ALEX AZAR: The first visit by a head of the Department of Health and Human Services would strictly observe the CECC’s special regulations, the Ministry of Foreign Affairs said US Secretary of Health and Human Services (HHS) Alex Azar is to lead a delegation to Taiwan — the highest-level visit by a US Cabinet official since the two sides cut formal relations in 1979. The plan was announced yesterday morning by the US Department of Health and Human Services and confirmed by the Ministry of Foreign Affairs (MOFA). Beijing has expressed its concerns to Washington, Chinese Ministry of Foreign Affairs spokesman Wang Wenbin (汪文斌) said later yesterday. Taiwan and the US only issued statements saying that the visit would happen “in the coming days.” MOFA said that due to security concerns, it would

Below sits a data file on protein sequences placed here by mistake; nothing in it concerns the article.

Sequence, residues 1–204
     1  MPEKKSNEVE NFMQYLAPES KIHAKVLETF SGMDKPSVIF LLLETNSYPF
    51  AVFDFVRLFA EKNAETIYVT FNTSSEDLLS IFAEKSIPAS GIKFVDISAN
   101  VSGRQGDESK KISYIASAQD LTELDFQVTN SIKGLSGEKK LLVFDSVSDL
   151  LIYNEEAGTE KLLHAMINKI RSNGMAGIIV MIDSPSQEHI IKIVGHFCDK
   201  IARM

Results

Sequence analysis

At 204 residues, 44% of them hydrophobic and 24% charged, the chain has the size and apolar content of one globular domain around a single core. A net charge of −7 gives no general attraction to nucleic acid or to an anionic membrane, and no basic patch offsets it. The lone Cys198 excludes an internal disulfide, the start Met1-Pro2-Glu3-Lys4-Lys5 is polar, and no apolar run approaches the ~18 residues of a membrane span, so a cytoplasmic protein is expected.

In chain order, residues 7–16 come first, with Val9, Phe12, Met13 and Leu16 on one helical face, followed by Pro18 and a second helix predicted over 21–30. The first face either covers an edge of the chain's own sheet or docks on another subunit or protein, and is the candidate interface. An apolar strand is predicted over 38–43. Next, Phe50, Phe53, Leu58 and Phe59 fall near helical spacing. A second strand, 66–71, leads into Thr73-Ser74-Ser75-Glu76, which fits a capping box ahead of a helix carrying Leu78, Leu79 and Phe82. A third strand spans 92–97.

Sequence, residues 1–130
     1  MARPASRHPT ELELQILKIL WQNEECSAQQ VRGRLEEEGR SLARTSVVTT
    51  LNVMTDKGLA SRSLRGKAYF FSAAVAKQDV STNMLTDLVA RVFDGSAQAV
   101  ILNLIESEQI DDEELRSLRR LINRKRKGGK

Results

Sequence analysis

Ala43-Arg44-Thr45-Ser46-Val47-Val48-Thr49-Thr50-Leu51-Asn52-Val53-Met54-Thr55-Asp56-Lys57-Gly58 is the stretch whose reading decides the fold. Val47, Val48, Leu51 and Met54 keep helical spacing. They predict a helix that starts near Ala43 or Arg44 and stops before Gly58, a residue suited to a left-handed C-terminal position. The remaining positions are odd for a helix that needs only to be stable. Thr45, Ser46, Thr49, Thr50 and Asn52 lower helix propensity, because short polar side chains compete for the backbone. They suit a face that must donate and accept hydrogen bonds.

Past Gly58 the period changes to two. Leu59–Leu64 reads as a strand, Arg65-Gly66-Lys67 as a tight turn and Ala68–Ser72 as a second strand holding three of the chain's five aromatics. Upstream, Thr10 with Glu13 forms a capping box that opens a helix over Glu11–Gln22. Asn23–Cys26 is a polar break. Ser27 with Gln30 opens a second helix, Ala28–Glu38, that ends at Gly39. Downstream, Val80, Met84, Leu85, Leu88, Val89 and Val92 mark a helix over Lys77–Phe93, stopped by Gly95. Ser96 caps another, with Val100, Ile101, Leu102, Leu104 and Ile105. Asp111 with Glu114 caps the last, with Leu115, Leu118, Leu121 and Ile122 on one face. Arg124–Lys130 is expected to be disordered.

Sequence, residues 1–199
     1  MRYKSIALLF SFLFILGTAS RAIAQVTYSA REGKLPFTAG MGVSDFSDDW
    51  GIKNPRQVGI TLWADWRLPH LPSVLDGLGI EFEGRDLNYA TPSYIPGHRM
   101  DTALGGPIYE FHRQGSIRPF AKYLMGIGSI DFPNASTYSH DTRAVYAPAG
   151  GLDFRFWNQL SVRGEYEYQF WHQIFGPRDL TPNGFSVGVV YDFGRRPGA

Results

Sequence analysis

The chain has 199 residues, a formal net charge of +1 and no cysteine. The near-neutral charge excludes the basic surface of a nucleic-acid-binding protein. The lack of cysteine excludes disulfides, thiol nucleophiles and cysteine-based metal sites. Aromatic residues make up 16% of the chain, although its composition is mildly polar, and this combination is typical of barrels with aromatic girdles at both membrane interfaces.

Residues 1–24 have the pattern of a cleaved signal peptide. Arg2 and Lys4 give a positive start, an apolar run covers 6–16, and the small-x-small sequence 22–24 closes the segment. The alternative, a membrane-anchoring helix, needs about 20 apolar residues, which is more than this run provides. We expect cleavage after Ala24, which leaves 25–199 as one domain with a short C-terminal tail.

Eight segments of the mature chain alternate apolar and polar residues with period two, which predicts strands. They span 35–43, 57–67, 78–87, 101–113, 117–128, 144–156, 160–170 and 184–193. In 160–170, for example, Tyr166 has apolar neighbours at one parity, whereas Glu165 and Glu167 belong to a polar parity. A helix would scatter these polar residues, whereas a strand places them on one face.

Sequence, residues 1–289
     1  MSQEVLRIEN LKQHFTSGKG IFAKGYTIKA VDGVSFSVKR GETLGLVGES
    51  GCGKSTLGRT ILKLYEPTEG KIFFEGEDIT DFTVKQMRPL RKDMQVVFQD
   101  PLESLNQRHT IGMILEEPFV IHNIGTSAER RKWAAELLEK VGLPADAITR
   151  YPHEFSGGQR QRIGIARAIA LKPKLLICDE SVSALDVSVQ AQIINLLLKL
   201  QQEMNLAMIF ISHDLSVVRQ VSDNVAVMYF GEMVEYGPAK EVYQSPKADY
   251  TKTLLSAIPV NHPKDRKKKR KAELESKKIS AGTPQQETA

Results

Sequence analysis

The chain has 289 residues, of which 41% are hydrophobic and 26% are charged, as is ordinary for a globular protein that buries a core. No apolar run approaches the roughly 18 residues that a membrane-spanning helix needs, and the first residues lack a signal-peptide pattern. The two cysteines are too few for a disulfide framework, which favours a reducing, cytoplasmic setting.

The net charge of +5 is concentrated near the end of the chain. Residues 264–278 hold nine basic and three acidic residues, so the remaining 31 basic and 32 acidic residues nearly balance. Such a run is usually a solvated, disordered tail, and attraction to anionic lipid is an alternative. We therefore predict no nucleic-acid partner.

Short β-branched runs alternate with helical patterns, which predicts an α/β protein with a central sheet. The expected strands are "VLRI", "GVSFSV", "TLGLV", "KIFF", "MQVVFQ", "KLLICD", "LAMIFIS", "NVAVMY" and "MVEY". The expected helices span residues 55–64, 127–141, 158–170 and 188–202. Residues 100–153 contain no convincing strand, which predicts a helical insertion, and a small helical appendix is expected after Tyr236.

‘CROSS-STRAIT CONSIDERATIONS’: Groups said that the Ministry of Education’s policies excluded Chinese and students should not be blocked over political issues The Taiwan International Student Movement yesterday said it would protest today outside the Ministry of Education in Taipei against a policy that excludes some Chinese students from returning to Taiwan amid the COVID-19 pandemic. Since June 17, the ministry has allowed foreign students from 19 “low risk” and “medium-low risk” countries and regions to enter Taiwan. On July 22, it announced that it was relaxing restrictions to include students from all countries and regions who are graduating this semester and on Wednesday it further expanded entry to students enrolled in degree programs. A letter sent by the ministry on Wednesday to universities did